Fourth, President Obama likes to brag that we’re producing more oil today. That’s not due to him! It’s due to new technology and the incentives he wants to cut. His repeatedly threatening to cut the incentives has probably already had a negative impact on future drilling. So he’s already probably causing problems. All to get some votes from morons.

  86. 86

    By pfft @ 79:

    By Kary L. Krismer @ 75:

    By pfft @ 71:

    It should be noted that Republicans and their think tanks all supported mandates before Obama passed it. Willard Romney wrote an op-ed during the healthcare battle telling Obama to drop the public option and do a mandate.

    My first reaction to the mandates was that it was a good idea, because it addressed the freeloader problem. You can though actually have some thought on an issue and change your mind. I changed my mind when I realized that more insurance added to the system would just create more inflation in the health care system, and eventually lead to either th destruction of the health care system or the destruction of the economy.

    link please.

    You want a link to how my own personal analysis of the individual mandate developed? I’m sorry, but I don’t blog my life.

    In any case, we’ve discussed that repeatedly in the health care thread. Most recently discussing the impact insurance has on drug prices. You simply fail to see it has that same impact on virtually everything in healthcare because you don’t understand simple supply and demand concepts.

  87. 87

    By pfft @ 80:

    By Kary L. Krismer @ 76:

    RE: pfft @ 72
    In any case, what Romney thinks is hardly the basis for determining whether something is good or whether something is constitutional.

    is that what he was thinking when he advocated mandates at a national level, that they were unconstitutional?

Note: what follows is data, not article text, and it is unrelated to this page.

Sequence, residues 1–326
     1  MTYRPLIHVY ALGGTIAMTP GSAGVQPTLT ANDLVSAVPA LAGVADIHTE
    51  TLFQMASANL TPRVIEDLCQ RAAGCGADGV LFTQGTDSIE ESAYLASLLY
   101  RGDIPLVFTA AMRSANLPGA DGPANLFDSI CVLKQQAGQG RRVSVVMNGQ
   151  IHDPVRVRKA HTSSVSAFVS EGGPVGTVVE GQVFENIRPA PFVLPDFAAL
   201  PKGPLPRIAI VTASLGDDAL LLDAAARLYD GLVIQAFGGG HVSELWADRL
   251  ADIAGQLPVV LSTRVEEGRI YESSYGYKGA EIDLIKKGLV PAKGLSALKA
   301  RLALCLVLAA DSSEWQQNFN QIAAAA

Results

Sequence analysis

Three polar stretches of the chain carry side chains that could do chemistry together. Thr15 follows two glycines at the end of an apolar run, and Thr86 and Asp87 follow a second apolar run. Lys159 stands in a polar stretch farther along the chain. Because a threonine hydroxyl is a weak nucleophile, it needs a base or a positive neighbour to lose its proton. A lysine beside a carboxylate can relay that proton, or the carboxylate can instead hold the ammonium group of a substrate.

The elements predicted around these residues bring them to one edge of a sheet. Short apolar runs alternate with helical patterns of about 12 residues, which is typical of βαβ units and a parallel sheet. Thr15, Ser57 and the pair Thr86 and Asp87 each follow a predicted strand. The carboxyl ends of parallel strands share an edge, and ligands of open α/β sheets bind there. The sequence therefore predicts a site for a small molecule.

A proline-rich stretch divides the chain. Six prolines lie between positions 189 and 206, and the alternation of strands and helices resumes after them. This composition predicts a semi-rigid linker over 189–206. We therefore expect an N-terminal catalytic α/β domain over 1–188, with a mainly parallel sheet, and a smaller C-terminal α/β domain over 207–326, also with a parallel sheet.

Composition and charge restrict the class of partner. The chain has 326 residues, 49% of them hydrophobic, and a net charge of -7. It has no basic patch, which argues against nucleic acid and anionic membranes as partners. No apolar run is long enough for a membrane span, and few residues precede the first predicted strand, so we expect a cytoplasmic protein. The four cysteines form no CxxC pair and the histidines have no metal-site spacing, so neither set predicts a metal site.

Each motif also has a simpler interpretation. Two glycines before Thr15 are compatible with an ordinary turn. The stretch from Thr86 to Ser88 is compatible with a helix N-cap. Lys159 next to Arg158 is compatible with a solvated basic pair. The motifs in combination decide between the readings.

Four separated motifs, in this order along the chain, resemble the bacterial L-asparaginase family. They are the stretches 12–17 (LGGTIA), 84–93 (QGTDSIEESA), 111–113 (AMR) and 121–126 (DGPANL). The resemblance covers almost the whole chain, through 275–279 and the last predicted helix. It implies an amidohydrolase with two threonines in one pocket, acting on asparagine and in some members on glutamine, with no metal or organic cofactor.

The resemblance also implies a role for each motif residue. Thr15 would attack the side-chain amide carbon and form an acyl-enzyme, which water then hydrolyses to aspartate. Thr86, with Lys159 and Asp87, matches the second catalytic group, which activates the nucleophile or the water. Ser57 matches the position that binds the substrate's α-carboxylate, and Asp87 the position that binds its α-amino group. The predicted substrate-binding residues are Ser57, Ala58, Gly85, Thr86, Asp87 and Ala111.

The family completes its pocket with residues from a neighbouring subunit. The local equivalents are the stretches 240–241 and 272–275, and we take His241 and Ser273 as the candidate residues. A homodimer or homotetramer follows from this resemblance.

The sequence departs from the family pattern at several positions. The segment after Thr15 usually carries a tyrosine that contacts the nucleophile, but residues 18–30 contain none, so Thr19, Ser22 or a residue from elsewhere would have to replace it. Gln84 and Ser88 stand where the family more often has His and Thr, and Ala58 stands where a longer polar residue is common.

How am I supposed to know what Romney was thinking?

    In any case, he has touched on the fact that he thought the mandate was a good solution for his state. IMHO I think he should hit more on the federal constitutional restriction–the the federal government is one of limited powers, and continue to argue that states might want to do that. I’m not sure why states would want to follow Massachusetts to having the highest health care costs in the country, but they could if they wanted.

    Assuming though that he made that federal/state distinction, that would really help counter some of the adverse reaction conservatives have to him, because that’s what they believe (because it’s true). And in the general election it would help counter the liberals reaction to his opposition to Obamacare, because it wouldn’t be his fault that Obamacare is unconstitutional (assuming it’s struck down). Perfect situation for him.

  88. 88

    By pfft @ 81:

    let’s not forget that states do get to decide if they want a mandate system or not.

    How could we forget the 10th Amendment–the last Amendment of the Bill of Rights?

    The powers not delegated to the United States by the Constitution, nor prohibited by it to the States, are reserved to the States respectively, or to the people.

    It’s part of the reason why Obamacare is likely unconstitutional! The federal government has limited powers, and the powers they do have only exist because the states wanted an express restriction in the Constitution (the 10th Amendment) before ratifying the Constitution.

    Stated differently, you’re arguing that Obamacare is unconstitutional.